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Thoughts on Thoughts on Democracy

In his 1941 State of the Union Address, U.S. President Franklin D. Roosevelt expressed four freedoms that should serve as a foundation not only for the U.S. but for the world: Freedom of Speech, Freedom of Worship, Freedom from Want, and Freedom from Fear. Two years later, in 1943, the weekly Saturday Evening Post magazine published, in four consecutive issues during February and March, the four famous posters created by Norman Rockwell that visualized — in his unmatched depiction of everyday American life — Roosevelt’s Four Freedoms. Now, 65 years after they were first published, The Wolfsonian museum in Miami Beach has asked 60 designers from around the world to design a poster or series of posters based on Rockwell’s Four Freedoms. The exhibition, Thoughts on Democracy (ToD), appropriately opens this Saturday, one day after the 4th of July.

Norman Rockwell's Four Freedoms

In the best spirit of transparency (and democracy!) the team at The Wolfsonian has been updating a wonderful blog that showcases all the submitted posters and shares the process of mounting the exhibition. Not all 60 contributions are good, or not all 60 contributions I get, but here are some of my favorite posters (click on each image to go the appropriate entry on the ToD blog):

ToD posters, Chip Kidd

Chip Kidd While most designers submitted a single poster that captured the essence of Rockwell’s four posters, Kidd did a blow-by-blow of each poster and created this series that deals with what happens when those four freedoms are eschewed to the wrong extremes: “Thus Freedom from Want leads to rampant obesity; Freedom of Worship leads to using God to hate; Freedom of Speech leads to destruction of property; and Freedom from Fear leads to the proliferation and deadly use of guns.”

ToD posters, Ruth Ansel

Ruth Ansel A nice typographic solution, pointing to how the freedoms interact and overlap.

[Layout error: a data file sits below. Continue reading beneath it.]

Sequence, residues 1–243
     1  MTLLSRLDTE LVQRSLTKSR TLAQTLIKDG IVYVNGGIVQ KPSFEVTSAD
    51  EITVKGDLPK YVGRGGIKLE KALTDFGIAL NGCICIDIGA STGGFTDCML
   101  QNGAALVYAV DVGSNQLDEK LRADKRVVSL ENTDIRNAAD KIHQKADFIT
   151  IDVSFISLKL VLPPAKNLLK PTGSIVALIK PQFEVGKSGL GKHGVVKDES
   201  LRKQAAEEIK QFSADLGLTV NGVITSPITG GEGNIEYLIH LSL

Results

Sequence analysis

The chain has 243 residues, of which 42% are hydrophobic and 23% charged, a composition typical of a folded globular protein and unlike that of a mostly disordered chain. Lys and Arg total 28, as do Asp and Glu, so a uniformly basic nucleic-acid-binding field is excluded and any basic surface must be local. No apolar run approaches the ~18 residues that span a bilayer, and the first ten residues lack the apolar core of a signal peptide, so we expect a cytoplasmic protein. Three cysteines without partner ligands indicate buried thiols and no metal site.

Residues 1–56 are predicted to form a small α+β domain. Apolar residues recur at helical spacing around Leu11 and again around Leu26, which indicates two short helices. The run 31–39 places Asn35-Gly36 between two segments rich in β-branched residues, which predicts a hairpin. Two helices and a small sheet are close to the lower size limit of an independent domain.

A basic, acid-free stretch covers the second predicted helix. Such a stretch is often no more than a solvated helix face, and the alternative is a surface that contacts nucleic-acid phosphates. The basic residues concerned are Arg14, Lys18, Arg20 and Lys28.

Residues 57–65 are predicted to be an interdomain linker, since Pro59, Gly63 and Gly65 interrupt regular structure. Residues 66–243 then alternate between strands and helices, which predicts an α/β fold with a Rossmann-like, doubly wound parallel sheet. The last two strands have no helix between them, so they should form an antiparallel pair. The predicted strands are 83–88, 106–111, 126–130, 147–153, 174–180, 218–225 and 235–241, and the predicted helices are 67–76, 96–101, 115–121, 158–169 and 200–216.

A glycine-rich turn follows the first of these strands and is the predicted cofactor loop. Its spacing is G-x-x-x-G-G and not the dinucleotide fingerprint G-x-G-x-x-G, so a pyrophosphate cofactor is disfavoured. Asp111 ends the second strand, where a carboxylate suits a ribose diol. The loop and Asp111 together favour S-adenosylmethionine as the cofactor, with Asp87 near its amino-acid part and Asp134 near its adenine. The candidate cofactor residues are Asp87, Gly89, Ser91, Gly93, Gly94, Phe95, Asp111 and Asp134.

ToD posters, Ken Carbone

Ken Carbone This one could have worked even better with just the strong idea of the Four Freedoms script and nothing more.

ToD posters, Allan Cochinov

Allan Cochinov As a poster proper this one, well, sucks. But as a smart interpretation of what Freedom of Speech means in the twenty-first century this one, well, rocks.

ToD posters, Alan Dye

Alan Dye Not sure what this metaphor is about, but it sure makes for a lovely poster.

ToD posters, Robert Grossman

Robert Grossman If we have the right to bear arms we sure have freedom to bear arms while enjoying the rest of our freedoms. Yee-haw!

ToD posters, Kind Company

Kind Company Another interesting type-driven solution, this one placing its emphasis on the man behind the words.

ToD posters, 2x4

2×4 This is probably one of my favorites. A simple twist of words that creates a powerful statement.

ToD posters, Kate Spade

Kate Spade Freedom to enjoy a wonderful design solution.

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PUBLISHED ON Jul.02.2008 BY Armin
Brandon’s comment is:

2x4 is so great. How could there be a better solution?

On Jul.02.2008 at 12:38 PM
Dave Parker’s comment is:

Thank God for Kate Spade's entry, a positive look at this crazy country of ours.

On Jul.02.2008 at 01:26 PM
Design Benign’s comment is: